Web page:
𝑭𝒐𝒄𝒖𝒔 𝒐𝒏 𝒕𝒉𝒆 𝒈𝒐𝒐𝒅. 🌿🌸🧸🌤🤍
Some facts about the diet industry:⠀ ⠀ 🔴around 42% of adults have tried to lose weight⠀ 🟠44% of Britons set weight loss as their goal for 2020⠀ 🟡19 = the average number of days most people stick to a new diet ⠀ 🟢diets DON’T work. Diets have a 98% failure rate, meaning more money being pumped into the industry 🔵the dieting industry has profits estimated to be $60.9 BILLION, not due to “new customers” but the same customers constantly “failing” then trying something different⠀ 🟣simply eating less than usual or stopping eating altogether is unlikely to result in weight loss. It sends your body into “starvation mode,” slowing your metabolism down to utilise whatever food it has available, and your weight loss will slow too⠀ ⚫no food or drink marketed as a weight loss product will make losing weight inevitable. It isn’t that simple. These foods are actually often heavily processed with ingredients that have questionable safety track records ⠀ ⚪when following a diet plan that involves cutting certain things from your meals, such as sugar or carbs, it’s more than likely you’ll begin to put weight back on once you add those things back into your life 🟤diets capitalise on people’s misunderstanding of diets and misconceptions about weight loss. It just doesn’t work like our brains think it does. We assume weight just “goes away” as soon as we lose it, but that’s not true⠀ ⠀ I know diet culture promises you so much, but just consider what you’ll truly be losing by succumbing to it. Chances are you’ll lose more £££ than weight. 💭
As lockdown restrictions begin to lift, as people start going back to work and we all finally get to see colleagues, friends and relatives we haven’t seen for a while, let me remind you NOT to comment on ANYONE’S body. This pandemic has been a traumatic ride for many, and it’s far from over, meaning people’s bodies may look different to how you remember them looking last, and could also continue to change over the coming months. Maybe some will be smaller, some will be bigger, but if you think someone’s size has changed during lockdown, keep it to yourself. Other people’s bodies aren’t topics for debate or gossip. Just be happy to see the people you love safe and alive. If the last few months have taught us anything, it should be that that’s what matters most. ❤️
Change is so scary. In eating disorder recovery, change is required constantly. Change is NECESSARY. You have to destroy the foundations on which you’ve built your entire life, and REbuild them for a more stable, healthy, safe and happy future.⠀ When making changes, you have to be willing to do so, otherwise they won’t stick. You have to believe in them and, more often than not, force yourself into those uncomfortable situations until they don’t feel unnatural. And with that comes so many “what ifs.”⠀ “What if I gain weight?”⠀ “What if I don’t like that food?”⠀ “What if people don’t understand?”⠀ “What if people think I’m different?”⠀ “What if I relapse?”⠀ “What if I get it wrong?”⠀ ⠀ But there’s a flip side to all of those “what ifs.”⠀ ⠀ “What if I gain weight?” But what if you gain your life back. Your happiness, your ability to move again and feel energised, a new found appreciation for your body and how it keeps you alive?⠀ ⠀ “What if I don’t like that food?” Then you can try something else! There are endless possibilities when it comes to food, and on your journey to discovering what you like, you might just find your new favourite food. If you don’t like something, you don’t ever have to eat it again!⠀ ⠀ “What if people don’t understand?” They won’t always. But what if you find people who, despite not being able to understand, love you unconditionally and who are willing to support you regardless? ⠀ ⠀ “What if people think I’m different?” If you recover from an eating disorder, you SHOULD be different, because the most authentic version of yourself, not your ED, is finally getting to shine through. So what if you finally find the freedom to finally be your true self? And if people distance themselves when you evolve, question the authenticity of those relationships in the first place. ⠀ “What if I relapse?” You will. But what if you learn something from each one? What if each one provides you with the tools to live a stronger life and to manage your everyday triggers? ⠀ “What if I get it wrong?” You’re never doing anything wrong. By choosing recovery, you’re doing so much RIGHT. ⠀ Recovery very often doesn’t feel like the right choice, but it is. ✨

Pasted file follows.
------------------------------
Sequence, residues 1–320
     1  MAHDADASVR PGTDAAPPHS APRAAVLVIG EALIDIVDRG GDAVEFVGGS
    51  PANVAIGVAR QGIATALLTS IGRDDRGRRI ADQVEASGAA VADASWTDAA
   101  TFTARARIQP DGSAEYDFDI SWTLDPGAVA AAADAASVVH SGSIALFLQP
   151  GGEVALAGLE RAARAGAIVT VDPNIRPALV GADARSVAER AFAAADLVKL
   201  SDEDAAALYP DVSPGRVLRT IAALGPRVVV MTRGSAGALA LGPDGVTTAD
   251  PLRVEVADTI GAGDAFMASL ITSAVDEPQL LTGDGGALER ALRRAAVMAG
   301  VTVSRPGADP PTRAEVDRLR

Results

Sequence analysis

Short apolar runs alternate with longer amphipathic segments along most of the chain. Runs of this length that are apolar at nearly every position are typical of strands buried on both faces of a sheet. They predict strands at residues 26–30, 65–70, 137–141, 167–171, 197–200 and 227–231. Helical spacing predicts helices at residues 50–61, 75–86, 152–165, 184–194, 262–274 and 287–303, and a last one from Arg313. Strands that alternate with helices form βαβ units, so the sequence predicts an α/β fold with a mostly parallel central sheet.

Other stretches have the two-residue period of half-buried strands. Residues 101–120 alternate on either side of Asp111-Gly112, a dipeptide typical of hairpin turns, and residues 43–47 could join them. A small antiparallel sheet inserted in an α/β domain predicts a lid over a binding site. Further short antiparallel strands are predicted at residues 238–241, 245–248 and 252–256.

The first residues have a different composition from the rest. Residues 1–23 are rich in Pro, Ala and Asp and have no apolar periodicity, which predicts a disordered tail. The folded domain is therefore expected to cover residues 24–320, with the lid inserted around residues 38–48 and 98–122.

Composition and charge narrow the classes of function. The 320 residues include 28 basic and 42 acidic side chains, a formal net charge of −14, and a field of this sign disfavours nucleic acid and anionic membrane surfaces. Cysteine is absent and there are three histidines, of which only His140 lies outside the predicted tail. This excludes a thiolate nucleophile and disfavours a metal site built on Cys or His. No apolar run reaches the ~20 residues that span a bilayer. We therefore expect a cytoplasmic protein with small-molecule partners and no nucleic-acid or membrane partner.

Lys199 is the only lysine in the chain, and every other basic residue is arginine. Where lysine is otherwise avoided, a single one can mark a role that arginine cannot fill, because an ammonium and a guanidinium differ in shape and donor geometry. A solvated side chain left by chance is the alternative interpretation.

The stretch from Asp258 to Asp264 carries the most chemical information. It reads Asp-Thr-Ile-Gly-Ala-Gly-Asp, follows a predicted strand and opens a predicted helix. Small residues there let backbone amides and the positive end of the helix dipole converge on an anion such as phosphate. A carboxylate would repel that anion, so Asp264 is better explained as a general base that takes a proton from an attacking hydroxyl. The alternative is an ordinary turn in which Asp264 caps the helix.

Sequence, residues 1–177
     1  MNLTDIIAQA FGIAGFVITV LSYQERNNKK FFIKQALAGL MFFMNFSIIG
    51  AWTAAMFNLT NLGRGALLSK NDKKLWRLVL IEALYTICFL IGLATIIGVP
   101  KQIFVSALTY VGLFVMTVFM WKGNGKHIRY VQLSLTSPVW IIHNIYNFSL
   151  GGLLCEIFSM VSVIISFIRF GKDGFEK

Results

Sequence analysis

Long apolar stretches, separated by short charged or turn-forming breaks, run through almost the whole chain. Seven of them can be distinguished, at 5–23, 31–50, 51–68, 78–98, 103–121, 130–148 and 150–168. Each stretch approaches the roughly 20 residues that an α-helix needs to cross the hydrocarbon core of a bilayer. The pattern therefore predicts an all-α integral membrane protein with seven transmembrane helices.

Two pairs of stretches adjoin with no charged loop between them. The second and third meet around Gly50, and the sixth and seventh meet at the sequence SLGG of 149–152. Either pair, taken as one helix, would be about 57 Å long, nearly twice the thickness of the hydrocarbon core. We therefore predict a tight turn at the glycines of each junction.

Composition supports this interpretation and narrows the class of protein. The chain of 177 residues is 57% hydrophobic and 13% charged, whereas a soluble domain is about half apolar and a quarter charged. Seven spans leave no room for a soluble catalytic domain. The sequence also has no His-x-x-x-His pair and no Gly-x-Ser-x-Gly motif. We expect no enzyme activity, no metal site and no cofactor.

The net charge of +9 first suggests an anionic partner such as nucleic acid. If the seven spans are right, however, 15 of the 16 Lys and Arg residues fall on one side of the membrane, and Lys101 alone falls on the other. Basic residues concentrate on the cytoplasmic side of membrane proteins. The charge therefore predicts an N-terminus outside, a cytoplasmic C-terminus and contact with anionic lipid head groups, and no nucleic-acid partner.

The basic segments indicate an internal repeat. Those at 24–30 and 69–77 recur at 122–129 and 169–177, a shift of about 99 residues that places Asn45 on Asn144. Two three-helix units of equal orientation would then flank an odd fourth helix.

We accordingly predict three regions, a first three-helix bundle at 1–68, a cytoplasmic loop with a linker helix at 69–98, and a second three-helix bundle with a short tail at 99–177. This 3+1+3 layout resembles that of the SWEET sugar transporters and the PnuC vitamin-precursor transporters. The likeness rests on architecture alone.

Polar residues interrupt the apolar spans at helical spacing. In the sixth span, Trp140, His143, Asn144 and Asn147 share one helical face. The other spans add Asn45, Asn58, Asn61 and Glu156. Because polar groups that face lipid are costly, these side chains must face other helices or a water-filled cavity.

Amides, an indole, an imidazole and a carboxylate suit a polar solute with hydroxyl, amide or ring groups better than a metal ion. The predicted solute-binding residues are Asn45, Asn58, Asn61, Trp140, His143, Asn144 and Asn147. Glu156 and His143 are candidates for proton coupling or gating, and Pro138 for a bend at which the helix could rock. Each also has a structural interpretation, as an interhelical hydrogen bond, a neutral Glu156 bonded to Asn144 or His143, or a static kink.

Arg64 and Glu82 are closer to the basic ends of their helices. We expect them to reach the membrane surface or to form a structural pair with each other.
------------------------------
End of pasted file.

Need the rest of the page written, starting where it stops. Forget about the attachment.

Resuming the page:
I’ve had six breakdowns this week. I don’t look like this.